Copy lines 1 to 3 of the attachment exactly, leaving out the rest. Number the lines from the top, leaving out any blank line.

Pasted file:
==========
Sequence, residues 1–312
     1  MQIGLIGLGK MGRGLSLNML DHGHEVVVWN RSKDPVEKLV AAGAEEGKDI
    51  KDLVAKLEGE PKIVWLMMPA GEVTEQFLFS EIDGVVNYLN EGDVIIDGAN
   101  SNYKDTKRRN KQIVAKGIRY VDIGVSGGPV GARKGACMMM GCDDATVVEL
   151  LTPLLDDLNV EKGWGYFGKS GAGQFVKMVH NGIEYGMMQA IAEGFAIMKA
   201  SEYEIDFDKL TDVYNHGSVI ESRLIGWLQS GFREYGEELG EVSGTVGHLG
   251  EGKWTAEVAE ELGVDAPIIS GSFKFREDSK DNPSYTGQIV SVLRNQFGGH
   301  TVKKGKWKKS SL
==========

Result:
Sequence, residues 1–312
     1  MQIGLIGLGK MGRGLSLNML DHGHEVVVWN RSKDPVEKLV AAGAEEGKDI
    51  KDLVAKLEGE PKIVWLMMPA GEVTEQFLFS EIDGVVNYLN EGDVIIDGAN